Most people look at a hammer and think about building something. Most people look at a battery and think about powering something.
Some of us look at a hammer and a battery and think, what if I hit the battery with the hammer?
Don’t get us wrong, we like building things too. In fact we’re kind of world experts on productization, getting products off the R&D bench and into high volume manufacturing. But we have a special place in our slightly black hearts for trying to break things (see We design, we test, we break things for more on this). Not that we’re malicious, just that we’d rather break products in our lab than see them break in the field.
As for lithium ion batteries, safety is a pretty big concern. So we’ve always wanted to see what would happen if we smashed a battery. And while it’s unlikely that anyone will really use a hammer to smash a battery, objects or people could fall on a unit (one of our customer’s product is used by athletes for example).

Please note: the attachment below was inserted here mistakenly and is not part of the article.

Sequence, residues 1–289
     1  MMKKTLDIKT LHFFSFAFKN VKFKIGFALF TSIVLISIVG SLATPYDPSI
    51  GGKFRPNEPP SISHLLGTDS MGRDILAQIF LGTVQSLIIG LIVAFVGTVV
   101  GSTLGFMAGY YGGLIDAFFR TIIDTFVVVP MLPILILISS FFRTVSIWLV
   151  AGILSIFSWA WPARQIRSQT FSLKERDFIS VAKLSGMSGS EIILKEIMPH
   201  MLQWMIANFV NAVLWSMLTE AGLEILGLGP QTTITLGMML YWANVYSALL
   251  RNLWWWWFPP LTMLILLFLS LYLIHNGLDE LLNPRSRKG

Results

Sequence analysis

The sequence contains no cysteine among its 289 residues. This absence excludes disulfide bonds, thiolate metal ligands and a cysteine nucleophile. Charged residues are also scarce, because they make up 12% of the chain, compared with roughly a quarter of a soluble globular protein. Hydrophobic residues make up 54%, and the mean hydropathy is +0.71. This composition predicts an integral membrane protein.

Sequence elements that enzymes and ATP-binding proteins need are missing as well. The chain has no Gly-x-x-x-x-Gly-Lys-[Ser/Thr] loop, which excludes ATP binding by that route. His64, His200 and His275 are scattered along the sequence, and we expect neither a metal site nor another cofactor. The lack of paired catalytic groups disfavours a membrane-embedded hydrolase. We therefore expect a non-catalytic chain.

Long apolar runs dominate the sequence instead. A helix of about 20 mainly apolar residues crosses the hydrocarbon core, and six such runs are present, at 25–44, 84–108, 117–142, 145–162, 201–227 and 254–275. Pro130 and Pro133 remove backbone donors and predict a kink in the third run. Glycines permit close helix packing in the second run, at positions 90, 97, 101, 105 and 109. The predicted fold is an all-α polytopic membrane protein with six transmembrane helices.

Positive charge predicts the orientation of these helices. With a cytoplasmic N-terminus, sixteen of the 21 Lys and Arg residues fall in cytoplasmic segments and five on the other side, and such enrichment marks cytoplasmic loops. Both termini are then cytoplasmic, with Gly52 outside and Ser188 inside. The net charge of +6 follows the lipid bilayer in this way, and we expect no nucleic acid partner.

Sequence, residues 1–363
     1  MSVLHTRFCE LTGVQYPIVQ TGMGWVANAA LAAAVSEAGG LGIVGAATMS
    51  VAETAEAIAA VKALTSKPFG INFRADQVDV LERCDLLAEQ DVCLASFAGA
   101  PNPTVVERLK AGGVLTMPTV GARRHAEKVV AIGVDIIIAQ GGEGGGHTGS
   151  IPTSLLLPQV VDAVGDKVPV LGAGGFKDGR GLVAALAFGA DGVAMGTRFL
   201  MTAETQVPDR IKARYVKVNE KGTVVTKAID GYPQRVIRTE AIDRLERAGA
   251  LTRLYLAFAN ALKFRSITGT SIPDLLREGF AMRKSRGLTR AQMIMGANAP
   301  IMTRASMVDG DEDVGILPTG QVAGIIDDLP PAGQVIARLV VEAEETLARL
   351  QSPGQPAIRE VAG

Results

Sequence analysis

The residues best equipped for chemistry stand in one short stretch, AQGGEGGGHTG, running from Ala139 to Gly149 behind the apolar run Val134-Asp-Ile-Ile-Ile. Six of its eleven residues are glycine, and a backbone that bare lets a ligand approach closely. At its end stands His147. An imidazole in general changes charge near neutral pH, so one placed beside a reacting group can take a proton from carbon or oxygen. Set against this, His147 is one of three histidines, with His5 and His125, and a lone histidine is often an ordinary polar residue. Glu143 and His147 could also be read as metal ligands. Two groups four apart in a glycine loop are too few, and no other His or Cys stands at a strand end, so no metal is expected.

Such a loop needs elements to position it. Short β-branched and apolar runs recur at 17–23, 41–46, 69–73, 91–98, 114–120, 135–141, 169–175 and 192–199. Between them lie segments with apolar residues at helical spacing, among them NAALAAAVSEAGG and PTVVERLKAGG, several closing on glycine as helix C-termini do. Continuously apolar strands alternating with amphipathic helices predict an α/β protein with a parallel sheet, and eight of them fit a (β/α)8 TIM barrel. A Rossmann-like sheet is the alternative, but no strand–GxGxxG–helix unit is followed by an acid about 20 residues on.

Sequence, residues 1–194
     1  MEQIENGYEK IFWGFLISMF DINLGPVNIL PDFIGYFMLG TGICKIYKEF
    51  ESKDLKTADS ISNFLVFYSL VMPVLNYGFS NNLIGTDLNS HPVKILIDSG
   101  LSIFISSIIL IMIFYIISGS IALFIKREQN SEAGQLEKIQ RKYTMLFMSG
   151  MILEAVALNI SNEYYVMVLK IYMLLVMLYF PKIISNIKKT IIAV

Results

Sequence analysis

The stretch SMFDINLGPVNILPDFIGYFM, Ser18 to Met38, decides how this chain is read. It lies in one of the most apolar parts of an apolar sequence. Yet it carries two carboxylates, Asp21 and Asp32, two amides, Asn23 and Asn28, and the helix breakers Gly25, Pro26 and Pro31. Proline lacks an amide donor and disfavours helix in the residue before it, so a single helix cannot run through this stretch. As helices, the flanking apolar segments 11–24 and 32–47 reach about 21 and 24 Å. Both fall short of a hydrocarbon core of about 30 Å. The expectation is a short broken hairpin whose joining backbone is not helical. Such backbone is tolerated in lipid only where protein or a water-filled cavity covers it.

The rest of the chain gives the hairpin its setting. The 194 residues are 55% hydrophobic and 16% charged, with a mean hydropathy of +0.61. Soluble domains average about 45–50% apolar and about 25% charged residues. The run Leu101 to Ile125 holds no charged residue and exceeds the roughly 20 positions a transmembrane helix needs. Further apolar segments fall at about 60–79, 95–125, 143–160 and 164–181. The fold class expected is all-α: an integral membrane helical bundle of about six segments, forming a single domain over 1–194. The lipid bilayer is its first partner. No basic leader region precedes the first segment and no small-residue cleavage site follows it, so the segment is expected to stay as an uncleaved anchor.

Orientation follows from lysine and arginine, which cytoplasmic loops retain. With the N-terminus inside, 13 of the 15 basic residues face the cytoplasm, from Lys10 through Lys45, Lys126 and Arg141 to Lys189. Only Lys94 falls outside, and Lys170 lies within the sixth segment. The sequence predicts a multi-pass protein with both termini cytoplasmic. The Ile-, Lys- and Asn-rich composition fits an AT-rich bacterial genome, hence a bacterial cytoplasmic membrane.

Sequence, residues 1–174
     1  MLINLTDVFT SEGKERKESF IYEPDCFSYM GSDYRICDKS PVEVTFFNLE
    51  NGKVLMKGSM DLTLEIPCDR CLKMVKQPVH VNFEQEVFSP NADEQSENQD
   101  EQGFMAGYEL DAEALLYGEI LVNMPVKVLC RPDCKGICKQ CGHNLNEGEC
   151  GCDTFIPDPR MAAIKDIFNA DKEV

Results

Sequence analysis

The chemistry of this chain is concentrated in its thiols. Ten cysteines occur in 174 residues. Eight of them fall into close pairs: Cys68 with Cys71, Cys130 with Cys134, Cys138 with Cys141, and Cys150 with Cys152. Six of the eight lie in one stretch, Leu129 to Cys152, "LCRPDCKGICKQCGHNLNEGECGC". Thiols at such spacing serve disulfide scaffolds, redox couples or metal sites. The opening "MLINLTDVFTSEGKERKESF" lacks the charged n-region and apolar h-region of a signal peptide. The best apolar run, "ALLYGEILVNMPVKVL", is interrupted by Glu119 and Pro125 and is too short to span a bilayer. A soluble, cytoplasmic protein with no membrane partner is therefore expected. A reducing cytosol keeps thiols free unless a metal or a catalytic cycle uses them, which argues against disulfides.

So we took a low cost, Chinese built lithium polymer battery, laid it on the concrete out back, geared up with safety glasses and fire extinguisher, and smashed away. First test was to set the 50 lb kettle ball on the battery. It passed. We then dropped the kettle ball from 12 inches. The battery was smashed, although not violently. So we took a fresh, charged battery and, finally, after all these years, hit it with the sledge hammer.
Smashed to oblivion, and perhaps we released a little toxic fumes into the air, but no fire, no explosion.
And yes we got paid to do this.
PS When you see a butane torch, do you think of welding, or crème brûlée, or of flammability testing?